The first James Bond video game hit the shops in 1983 which rocked our childhood for the Atari 2600, 5200, Commodore 64 and ColecoVision, the sideways-scrolling gameplay consisted of steering Bond’s amphibious vehicle through four levels. Then after a decade and half, Seeing as how Electronic Arts‘ James Bond based first-person shooter The World is Not Enough is shiped for Nintendo 64 and now GoldenEye 007 is due to be released for PS3 and Xbox in November 2011. Bond seems to have taken more than a few cues from Activision stablemate Call of Duty. This lack of subtlety captures GoldenEye spirit perfectly. It’s all about epic gunfights, explosions, mindless violence and, topically, a revenge plot against bankers.
To refresh your golden gaming memories we have showcaed a brief history of James Bong Games from Retro to Modern age
GoldenEye 007 (2011)
Already available on the Wii since last year, GoldenEye 007 is due to be released for PS3 and Xbox in November. Eurocom’s title a remake of the N64 classic in the loosest sense.
GoldenEye 007 seems to be giving gamers a lot of options when it comes to control settings. Along with support for the Classic Controller, it will also support some other Wii control schemes. You can use the nunchuk and Wii Remote, like other FPS games on the Wii, or even use the Wii Zapper if you prefer. This is a good move by Eurocom, the developer of the game. Having multiple control options will allow gamers to find the control scheme that works for them instead of being forced to use potentially uncomfortable motion controls.
Blood Stone (2010)
Gameplay was switched back to third-person in Blood Stone, which strangely features West Country soul singer Joss Stone as Bond’s sidekick. The game sees Bond travel around the world on various missions, including preventing a suicide bombing of the G20 at Greece’s Acropolis.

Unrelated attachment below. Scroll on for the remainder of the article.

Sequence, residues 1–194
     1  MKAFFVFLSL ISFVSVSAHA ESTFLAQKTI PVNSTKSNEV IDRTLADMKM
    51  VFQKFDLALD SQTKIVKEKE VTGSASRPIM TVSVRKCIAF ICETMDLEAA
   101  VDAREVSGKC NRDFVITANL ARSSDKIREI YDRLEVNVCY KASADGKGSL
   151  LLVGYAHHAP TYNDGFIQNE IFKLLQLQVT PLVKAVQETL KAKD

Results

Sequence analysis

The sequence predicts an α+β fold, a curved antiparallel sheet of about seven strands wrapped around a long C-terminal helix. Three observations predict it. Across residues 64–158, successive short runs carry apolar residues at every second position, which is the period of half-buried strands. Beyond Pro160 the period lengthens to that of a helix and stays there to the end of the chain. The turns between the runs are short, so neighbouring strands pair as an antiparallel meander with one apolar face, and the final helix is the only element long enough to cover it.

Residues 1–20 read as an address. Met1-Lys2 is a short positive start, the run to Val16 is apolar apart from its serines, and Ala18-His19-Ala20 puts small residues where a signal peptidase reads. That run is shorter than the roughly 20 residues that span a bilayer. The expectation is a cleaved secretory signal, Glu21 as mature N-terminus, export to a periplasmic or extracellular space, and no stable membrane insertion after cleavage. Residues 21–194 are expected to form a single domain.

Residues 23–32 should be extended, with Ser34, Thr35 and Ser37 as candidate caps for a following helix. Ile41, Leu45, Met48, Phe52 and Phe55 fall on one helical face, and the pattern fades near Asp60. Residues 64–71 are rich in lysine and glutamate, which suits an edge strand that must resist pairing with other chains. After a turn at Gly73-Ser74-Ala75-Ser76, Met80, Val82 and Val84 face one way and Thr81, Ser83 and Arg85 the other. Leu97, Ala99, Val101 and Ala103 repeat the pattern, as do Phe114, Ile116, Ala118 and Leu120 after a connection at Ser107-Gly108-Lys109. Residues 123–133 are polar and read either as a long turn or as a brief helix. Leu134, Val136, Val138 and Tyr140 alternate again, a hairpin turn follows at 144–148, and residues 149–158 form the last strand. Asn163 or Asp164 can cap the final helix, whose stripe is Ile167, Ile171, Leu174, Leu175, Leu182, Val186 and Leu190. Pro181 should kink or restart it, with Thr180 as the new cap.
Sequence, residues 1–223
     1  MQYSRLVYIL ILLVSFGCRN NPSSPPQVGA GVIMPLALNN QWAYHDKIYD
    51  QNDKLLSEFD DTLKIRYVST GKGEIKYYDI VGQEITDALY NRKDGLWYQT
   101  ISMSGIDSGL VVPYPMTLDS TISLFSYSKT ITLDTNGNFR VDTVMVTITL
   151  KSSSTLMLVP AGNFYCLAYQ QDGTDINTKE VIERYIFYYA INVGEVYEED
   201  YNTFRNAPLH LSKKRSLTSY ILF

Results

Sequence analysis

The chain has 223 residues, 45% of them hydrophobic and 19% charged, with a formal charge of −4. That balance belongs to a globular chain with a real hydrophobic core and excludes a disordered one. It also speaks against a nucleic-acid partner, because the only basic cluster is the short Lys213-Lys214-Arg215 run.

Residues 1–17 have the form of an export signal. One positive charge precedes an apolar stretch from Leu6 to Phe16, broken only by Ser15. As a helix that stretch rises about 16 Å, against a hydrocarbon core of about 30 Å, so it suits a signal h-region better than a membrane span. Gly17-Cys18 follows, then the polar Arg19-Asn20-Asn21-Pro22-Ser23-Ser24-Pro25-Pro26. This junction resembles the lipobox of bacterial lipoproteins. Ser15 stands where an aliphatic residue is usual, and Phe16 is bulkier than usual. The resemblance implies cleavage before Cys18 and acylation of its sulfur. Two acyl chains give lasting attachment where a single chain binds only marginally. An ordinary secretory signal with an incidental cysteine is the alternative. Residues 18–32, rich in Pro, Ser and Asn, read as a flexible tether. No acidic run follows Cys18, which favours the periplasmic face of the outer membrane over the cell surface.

Quantum of Solace (2008)
Activision’s first effort saw Bond’s return to the first-person shooter genre, with Daniel Craig’s likeness. Powered by the Call of Duty 4 game engine, Quantum of Solace follows the events of the film by the same name, as well as featuring playable flash backs to Casino Royale. The game scored an average review score of only 62 per cent but was praised for featuring the core cast from both films.
From Russia with Love (2005)
The last Bond game made by EA before they lost the licence to Activision, From Russia with Love follows the story of the book and film, seeing gamers play as Sean Connery’s Bond, with voice acting from the man himself. The game was released to fairly positive reviews with its success based on the game’s advanced graphics and gameplay difficulty.
GoldenEye: Rogue Agent (2004)
GoldenEye: Rogue Agent was not a remake of GoldenEye but a different beast entirely. Players were cast as an ex-MI6 agent motivated by vengeance after losing on a mission to take down Dr. No.
Recruited by Goldfinger and given the eponymous golden eye, your mission is to once again take on Dr. No. The game features many characters from the films and books, including Scaramanga, who adopts a Q-like role by upgrading your artificial eye.
Nightfire was received much more positively many previous games with some reviews calling it the best game in the series since GoldenEye. With an interesting plot and realistic portrayal of Pierce Brosnan’s Bond, the game did have issues with ‘bots’ having difficulties navigating multiplayer levels. While not overtly based on a specific book or film, Nightfire had similarities with the plot of Moonraker.
Agent Under Fire (2001)
James Bond 007: Agent Under Fire was available for the GameCube, PlayStation 2 and Xbox, promising to be the first in a new generation of Bond games. Whilst the game was praised by some as offering ‘astounding’ character models, many felt it too easy and pale in the shadow of GoldenEye, a game that was already four years old.
Featuring the voice of the John Cleese, 007 Racing pitted James Bond in his classic Aston Martin against helicopters and tanks, armed with rocket launchers and machine guns. The game which received mediocre reviews on its release and was plagued by bad graphics and unrealistic physics.
The World Is Not Enough (2000)